Uses and Settings

Action mapping has been used in several different fields of research to ask many diverse questions. Disciplines which commonly employ action mapping, include anthropology, public health, geography, sociology, and other social sciences aimed at active community engagement in the research process. Action mapping is also a method used by humanitarian or development planners in the design and evaluation portions of their programs. An example from agricultural development involves asking community members to draw a map of their land, making note of all water sources and when or how they are accessed. This can help identify priority water sources and discover barriers to reaching the cleanest or most plentiful sources[5] .

Community participants mapping local health strategies
There are few limitations on what types of settings action mapping can be used within; this is due in part to the flexibility of the method and its ability to be used with a wide variety of populations and individuals. It is ideal for both rural and urban populations, can be used with adults or children, and is suitable for literate and non-literate groups. There is not a minimal sample size required though it is helpful to have several interpretations of the maps drawn therefore small groups (3-5+) are ideal. These small groups participate in the focus group sessions after the action maps are completed and they discuss, modify, and elaborate on the pathways illustrated. An overall group of no more than 25 participants is ideal for engaging a variety of viewpoints while maintaining a manageable number of participants.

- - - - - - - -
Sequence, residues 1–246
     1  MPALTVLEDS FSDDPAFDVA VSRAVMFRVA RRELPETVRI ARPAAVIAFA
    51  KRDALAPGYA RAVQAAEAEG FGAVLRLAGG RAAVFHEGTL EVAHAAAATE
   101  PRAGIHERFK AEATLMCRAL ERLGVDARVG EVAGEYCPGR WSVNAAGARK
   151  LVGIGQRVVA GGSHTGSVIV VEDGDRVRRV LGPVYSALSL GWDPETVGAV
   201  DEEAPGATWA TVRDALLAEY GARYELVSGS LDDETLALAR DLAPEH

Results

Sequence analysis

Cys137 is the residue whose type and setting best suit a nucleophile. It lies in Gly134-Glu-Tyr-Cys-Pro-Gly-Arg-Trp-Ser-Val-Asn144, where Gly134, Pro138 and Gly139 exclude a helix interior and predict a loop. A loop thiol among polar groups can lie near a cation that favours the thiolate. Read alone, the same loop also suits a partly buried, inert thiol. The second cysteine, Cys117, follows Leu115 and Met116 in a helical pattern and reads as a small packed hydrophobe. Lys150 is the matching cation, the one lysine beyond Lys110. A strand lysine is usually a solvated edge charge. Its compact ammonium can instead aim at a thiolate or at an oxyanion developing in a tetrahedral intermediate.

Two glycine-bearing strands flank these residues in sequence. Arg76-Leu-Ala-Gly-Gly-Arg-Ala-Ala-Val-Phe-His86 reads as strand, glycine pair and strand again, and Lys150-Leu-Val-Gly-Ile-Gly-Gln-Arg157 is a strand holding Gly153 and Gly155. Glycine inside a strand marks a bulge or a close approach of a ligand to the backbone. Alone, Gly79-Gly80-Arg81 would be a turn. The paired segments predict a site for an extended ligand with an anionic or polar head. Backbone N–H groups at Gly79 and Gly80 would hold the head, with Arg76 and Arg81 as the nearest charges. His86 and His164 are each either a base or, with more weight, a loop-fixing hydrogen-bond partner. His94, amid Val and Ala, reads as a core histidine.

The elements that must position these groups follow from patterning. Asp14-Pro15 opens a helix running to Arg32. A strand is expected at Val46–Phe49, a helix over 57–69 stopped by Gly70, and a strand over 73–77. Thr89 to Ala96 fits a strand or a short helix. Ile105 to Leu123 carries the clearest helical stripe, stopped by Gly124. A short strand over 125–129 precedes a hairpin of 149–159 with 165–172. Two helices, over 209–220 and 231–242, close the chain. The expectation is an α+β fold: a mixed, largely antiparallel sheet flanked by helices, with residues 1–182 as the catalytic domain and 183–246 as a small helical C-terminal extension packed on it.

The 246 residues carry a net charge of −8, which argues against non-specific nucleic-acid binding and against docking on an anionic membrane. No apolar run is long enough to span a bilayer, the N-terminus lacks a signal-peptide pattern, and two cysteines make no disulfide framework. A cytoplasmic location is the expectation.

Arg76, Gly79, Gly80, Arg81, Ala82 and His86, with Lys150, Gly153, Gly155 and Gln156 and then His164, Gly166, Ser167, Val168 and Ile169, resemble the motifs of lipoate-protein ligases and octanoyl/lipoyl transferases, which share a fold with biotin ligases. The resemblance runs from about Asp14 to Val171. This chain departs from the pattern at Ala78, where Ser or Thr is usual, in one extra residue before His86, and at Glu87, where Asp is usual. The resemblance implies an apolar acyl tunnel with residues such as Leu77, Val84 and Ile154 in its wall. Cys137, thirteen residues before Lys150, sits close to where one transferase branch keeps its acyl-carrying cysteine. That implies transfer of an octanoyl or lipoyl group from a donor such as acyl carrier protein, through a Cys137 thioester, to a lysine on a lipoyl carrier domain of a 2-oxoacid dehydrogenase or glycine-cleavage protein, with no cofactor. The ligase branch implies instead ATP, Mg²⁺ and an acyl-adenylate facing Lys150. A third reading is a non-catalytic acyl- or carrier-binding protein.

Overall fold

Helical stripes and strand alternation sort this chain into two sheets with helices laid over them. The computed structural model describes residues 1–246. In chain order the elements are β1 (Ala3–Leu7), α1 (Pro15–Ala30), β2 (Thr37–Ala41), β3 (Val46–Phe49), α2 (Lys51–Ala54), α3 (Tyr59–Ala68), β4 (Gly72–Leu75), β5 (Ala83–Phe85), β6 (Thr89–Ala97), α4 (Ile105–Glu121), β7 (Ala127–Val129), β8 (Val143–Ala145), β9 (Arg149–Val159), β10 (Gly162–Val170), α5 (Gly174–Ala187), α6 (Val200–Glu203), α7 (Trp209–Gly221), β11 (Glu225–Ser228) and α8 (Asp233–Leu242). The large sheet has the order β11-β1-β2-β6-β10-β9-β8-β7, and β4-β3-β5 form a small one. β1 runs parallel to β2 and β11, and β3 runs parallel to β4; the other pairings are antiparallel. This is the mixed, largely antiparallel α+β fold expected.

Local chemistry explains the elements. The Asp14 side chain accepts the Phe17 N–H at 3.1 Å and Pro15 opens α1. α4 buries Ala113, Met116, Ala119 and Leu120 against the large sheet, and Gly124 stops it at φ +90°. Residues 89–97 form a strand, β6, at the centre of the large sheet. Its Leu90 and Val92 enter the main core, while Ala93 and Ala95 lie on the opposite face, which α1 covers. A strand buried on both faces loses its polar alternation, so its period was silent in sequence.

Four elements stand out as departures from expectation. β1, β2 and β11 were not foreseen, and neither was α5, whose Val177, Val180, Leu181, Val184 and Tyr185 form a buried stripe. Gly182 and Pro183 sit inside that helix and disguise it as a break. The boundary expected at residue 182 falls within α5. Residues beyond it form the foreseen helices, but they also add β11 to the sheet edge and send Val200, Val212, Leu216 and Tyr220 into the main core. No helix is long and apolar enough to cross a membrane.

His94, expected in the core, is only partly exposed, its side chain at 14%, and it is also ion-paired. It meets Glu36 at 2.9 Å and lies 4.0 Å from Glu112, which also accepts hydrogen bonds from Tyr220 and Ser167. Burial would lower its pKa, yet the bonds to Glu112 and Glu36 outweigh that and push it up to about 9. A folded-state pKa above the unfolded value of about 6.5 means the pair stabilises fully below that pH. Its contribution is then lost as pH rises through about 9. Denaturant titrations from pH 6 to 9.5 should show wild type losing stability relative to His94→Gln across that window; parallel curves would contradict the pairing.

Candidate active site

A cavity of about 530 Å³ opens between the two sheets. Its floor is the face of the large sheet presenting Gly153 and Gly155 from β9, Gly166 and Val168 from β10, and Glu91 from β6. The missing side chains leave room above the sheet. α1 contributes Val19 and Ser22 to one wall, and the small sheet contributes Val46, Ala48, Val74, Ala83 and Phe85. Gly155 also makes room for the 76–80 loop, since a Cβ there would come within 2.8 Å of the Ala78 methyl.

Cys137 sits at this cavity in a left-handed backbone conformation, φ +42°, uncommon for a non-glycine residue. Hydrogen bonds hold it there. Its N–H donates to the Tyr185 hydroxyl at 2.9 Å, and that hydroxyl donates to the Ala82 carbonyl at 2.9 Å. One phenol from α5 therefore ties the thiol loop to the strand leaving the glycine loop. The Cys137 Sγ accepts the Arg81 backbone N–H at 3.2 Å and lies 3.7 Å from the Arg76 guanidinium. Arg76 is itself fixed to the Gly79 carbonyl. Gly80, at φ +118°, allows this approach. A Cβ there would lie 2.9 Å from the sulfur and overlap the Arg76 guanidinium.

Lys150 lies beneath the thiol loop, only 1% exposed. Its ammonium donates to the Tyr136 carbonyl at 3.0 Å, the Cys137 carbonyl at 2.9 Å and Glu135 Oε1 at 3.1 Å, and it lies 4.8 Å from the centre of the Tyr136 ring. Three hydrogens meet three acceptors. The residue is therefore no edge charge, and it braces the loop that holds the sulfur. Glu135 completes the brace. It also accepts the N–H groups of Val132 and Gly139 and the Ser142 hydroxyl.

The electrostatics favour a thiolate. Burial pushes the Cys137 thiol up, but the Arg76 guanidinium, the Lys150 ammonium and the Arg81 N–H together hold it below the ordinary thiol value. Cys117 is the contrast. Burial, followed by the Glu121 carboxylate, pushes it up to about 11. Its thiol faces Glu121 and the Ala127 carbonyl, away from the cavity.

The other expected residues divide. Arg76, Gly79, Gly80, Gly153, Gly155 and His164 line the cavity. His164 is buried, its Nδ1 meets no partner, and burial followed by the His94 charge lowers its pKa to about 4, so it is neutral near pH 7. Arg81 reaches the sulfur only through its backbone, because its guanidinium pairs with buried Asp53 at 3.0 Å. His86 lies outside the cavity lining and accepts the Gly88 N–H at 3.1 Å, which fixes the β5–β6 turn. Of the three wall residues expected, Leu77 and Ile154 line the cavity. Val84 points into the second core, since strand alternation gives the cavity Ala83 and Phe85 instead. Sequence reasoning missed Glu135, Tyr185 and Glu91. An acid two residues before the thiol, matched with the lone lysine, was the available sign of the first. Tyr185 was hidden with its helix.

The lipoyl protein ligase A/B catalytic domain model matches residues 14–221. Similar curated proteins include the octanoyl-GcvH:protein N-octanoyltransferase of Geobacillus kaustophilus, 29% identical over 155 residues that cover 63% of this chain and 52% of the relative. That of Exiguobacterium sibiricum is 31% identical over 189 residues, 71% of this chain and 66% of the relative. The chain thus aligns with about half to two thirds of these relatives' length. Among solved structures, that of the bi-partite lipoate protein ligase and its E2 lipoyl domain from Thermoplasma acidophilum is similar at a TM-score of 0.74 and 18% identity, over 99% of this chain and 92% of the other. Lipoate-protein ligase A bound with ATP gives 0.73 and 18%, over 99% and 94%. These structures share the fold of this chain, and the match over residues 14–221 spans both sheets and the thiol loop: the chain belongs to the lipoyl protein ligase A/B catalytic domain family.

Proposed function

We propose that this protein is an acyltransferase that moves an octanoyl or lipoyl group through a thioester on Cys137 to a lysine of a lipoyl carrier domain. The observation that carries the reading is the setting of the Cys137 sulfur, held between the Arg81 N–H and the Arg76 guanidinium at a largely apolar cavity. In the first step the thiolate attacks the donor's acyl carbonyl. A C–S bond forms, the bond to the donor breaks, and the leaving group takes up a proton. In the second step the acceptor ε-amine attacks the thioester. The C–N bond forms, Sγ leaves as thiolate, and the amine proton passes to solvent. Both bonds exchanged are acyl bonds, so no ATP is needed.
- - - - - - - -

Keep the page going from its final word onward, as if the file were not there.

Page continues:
Goals and Outcomes of PAR Methods and Action Mapping

  • Elicits locally-relevant routes of action that utilize locally available and accessible resources, including both formal and informal pathways
  • Collaboration with the community and inclusion of local perspectives
  • Identifies places and people involved and potentially useful for intervention
  • Facilitates the dissemination of results and deliverables to community members in an acceptable format